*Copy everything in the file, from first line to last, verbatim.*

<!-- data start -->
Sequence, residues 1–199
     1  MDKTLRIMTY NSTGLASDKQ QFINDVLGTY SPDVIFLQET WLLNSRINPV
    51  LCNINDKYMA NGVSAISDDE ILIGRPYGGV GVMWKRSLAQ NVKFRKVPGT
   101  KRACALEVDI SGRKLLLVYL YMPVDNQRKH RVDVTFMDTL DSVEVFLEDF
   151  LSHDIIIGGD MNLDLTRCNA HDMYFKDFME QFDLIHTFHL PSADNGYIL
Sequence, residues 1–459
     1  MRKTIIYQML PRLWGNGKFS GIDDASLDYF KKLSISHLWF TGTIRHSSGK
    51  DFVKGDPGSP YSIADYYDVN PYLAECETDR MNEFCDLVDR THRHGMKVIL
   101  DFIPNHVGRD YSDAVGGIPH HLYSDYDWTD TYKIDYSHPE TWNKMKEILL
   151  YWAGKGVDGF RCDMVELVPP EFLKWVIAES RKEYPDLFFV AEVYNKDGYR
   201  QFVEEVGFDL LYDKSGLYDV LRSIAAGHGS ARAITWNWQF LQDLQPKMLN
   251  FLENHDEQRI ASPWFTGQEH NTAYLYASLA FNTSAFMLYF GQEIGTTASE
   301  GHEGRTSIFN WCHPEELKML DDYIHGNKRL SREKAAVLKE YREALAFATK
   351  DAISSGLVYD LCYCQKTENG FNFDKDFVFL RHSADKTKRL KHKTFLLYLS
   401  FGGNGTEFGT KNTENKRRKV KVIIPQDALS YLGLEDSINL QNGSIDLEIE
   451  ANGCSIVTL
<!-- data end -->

Sequence, residues 1–199
     1  MDKTLRIMTY NSTGLASDKQ QFINDVLGTY SPDVIFLQET WLLNSRINPV
    51  LCNINDKYMA NGVSAISDDE ILIGRPYGGV GVMWKRSLAQ NVKFRKVPGT
   101  KRACALEVDI SGRKLLLVYL YMPVDNQRKH RVDVTFMDTL DSVEVFLEDF
   151  LSHDIIIGGD MNLDLTRCNA HDMYFKDFME QFDLIHTFHL PSADNGYIL
Sequence, residues 1–459
     1  MRKTIIYQML PRLWGNGKFS GIDDASLDYF KKLSISHLWF TGTIRHSSGK
    51  DFVKGDPGSP YSIADYYDVN PYLAECETDR MNEFCDLVDR THRHGMKVIL
   101  DFIPNHVGRD YSDAVGGIPH HLYSDYDWTD TYKIDYSHPE TWNKMKEILL
   151  YWAGKGVDGF RCDMVELVPP EFLKWVIAES RKEYPDLFFV AEVYNKDGYR
   201  QFVEEVGFDL LYDKSGLYDV LRSIAAGHGS ARAITWNWQF LQDLQPKMLN
   251  FLENHDEQRI ASPWFTGQEH NTAYLYASLA FNTSAFMLYF GQEIGTTASE
   301  GHEGRTSIFN WCHPEELKML DDYIHGNKRL SREKAAVLKE YREALAFATK
   351  DAISSGLVYD LCYCQKTENG FNFDKDFVFL RHSADKTKRL KHKTFLLYLS
   401  FGGNGTEFGT KNTENKRRKV KVIIPQDALS YLGLEDSINL QNGSIDLEIE
   451  ANGCSIVTL